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Dillon Precision BL 550 Basic Loader Review

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Due to political turmoil, for most the year 2022 has become known as a year of shortages. From gas, to basic essentials such as food and dwindling household income due to skyrocketing inflation, every aspect of life has been affected. On top of all this, for the time being, there appears to be no apparent relief on the horizon.

The COVID-19 pandemic and the social unrest that resulted from it also caused a similar nation-wide shortage in ammunition and reloading supplies. However, over the last several months, the ammunition industry has appeared to have successfully weathered that storm. Ammunition has gradually began to reappear on store shelves. But, there are those who wonder how long the rebound will last while simultaneously pondering alternative forms of relief—such as getting the necessary tools in order to load their own ammunition.

In a recent column, Shooting Illustrated’s Ammo editor Richard Mann touched on this very topic by discussing the five most common questions asked by those who contemplate loading their own ammo, in a Beginner’s Guide to Reloading.

In his column, one of the essential pieces of equipment you will need is a reloading press. And while there many brands and types from which to choose, I suggest beginners would be better off considering a single-stage press for starters. Mann echoes the sentiment when he writes, “Sure, you can learn to load on a progressive press like the RCBS Pro Chucker 5 ($730) or a Dillon XL 750 ($593), but the learning curve is shorter with a single-stage press. You’ll also find a single-stage press is very handy to have around, even if you ultimately do most of your loading on a progressive.” While I find no fault or flaw in any of the presses or other accessories that Mann cites in his column, the single-stage option I’d recommend for the prospective newcomer is the Dillon Precision BL 550 Basic Loader.

Dillon 550B reloading press

An entry-level version of the company’s popular RL 550C progressive press, Dillon Precision BL 550 Basic Loader features a funnel system so weighed powder charges may be poured into the case without removing it from the shellplate and an integral arm facilitates hassle-free primer-seating by hand. Each are in lieu of the automatic systems present commonly found in the company’s more costly offerings. Best of all, thanks to the press’ modular design, the BL 550 can be upgraded à la carte to function as a semi-progressive/turret-style or fully progressive 550C press as your budget allows.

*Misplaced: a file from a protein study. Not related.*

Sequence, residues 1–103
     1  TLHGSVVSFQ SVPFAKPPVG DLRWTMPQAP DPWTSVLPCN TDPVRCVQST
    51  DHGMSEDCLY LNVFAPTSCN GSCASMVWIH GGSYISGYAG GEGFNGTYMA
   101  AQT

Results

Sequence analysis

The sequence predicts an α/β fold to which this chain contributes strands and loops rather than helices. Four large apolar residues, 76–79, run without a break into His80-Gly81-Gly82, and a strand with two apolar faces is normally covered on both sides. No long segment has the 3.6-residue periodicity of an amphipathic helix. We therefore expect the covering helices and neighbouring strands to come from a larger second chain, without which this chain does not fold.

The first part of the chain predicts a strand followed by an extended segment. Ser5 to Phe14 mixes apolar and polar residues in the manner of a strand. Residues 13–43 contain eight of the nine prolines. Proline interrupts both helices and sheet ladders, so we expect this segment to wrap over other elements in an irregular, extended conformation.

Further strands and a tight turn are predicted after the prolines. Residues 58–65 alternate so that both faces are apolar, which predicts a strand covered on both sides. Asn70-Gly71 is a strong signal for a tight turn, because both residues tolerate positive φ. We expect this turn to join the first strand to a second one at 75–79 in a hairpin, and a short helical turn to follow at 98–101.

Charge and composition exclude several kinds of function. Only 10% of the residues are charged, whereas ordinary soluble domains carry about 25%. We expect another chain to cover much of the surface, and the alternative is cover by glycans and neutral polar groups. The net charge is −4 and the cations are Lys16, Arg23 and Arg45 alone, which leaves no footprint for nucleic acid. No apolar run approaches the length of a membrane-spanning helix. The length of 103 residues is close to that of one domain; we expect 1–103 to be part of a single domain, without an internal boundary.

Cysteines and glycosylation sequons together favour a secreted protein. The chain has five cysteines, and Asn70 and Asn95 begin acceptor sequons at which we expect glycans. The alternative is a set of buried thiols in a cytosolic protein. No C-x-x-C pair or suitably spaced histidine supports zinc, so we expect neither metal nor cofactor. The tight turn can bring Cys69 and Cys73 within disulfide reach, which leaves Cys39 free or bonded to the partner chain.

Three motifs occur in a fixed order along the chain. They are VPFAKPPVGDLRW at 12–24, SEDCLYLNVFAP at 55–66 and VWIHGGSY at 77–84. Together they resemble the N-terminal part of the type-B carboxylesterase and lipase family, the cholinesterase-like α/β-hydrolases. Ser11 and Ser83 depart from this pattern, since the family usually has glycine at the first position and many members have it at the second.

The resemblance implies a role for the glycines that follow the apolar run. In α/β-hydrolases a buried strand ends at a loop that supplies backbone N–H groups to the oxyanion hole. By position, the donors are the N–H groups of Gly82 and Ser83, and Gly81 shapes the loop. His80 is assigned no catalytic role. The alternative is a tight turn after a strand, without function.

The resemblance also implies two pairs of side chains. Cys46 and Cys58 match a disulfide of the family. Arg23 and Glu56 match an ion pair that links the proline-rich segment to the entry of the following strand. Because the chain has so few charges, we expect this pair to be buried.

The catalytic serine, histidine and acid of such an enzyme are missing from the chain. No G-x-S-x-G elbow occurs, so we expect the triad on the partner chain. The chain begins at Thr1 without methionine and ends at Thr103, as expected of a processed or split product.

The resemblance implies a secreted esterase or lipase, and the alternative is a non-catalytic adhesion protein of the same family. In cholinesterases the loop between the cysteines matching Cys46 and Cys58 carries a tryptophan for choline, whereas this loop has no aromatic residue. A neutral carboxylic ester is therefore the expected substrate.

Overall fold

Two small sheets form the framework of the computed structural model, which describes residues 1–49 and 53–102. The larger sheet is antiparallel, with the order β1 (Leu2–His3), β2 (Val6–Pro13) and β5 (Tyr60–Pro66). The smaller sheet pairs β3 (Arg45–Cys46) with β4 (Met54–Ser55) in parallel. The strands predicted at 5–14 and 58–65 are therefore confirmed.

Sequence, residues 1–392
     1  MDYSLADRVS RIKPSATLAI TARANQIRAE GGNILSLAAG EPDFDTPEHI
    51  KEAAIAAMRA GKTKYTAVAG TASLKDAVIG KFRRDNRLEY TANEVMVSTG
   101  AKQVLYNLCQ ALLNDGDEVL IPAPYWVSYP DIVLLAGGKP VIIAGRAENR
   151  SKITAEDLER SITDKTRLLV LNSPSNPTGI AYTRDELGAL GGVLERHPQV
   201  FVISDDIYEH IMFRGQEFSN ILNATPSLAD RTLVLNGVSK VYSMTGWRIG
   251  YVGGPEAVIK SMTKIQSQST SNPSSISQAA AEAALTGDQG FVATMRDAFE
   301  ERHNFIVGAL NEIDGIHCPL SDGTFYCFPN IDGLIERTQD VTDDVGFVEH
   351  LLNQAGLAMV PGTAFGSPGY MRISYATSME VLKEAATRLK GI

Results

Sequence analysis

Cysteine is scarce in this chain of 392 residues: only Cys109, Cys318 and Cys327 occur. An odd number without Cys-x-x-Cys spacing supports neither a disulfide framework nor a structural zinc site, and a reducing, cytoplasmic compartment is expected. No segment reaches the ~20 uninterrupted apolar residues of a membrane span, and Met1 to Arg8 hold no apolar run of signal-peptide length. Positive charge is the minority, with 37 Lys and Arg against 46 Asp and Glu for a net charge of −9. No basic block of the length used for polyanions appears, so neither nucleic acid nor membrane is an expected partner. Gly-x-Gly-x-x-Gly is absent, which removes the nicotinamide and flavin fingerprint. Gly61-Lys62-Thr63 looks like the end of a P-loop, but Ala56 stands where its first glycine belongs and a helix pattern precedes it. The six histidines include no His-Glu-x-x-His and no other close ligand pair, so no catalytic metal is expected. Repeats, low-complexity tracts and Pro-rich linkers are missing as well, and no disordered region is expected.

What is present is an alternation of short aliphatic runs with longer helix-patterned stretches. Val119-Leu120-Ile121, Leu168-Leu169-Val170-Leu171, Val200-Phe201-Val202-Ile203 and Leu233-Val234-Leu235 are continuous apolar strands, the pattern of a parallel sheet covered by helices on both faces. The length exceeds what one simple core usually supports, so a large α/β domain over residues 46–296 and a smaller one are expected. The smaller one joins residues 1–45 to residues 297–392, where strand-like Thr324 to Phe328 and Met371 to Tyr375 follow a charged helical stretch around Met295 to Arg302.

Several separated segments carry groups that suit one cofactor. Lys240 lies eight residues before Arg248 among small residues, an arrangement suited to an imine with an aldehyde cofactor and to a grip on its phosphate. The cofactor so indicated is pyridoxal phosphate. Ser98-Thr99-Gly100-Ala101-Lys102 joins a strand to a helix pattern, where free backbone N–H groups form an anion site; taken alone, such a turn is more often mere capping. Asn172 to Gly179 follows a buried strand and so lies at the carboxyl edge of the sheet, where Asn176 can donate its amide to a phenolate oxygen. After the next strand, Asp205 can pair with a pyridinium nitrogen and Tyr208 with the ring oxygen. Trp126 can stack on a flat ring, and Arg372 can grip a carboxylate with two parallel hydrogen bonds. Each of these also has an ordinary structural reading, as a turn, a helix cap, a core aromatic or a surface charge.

Once your dies are set in the tool head, using the BL 550 is easy: First, place an empty cartridge case into the BL550’s shellplate at Station One. Lower the operating handle to deprime and resize the case. While the platform is in the “up” position, set a primer into the primer-seating arm. Raise the operating handle, and push it forward to seat the primer into the case. Second, advance the index sprocket with your thumb and lower the operating handle. At Station Two, pour your powder charge into the case. Then, raise the operating handle and advance the index sprocket with your thumb. Next, at Station Three, place a bullet on the powder-charged cartridge case and lower the operating handle, seating the bullet into the case. (NOTE: with some competitors’ die sets, this action may crimp the bullet in place as well.) Next, raise the operating handle and advance the index sprocket with your thumb. Finally, at Station Four you may use a separate crimp die (most Dillon die sets incorporate a separate crimp die to facilitate easier die adjustment) or simply advance the shellplate with your thumb and remove the loaded cartridge from the shellplate at Station One. Loading a single cartridge is as simple as that. To load more, simply lather, rinse and repeat the process.

shell in die

For those who can see the desire to load multiple calibers in their future, the BL 550 can accommodate .32 ACP up through .338 Lapua, .416 Rigby and even .460 Weatherby. That’s more than 160 different pistol and rifle calibers, so it can easily adapt to meet your changing needs as well as your enhanced relaoding skill set.

Best of all, Dillon offers a 30-day, risk-free trial period. If it doesn’t live up to our claims or your expectations, return it for a full refund. If you’re thinking about taking up reloading, the Dillon Precision’s BL 550 is a worthy investment.  MSRP: $395; dillonprecision.com

Article by BOB BOYD

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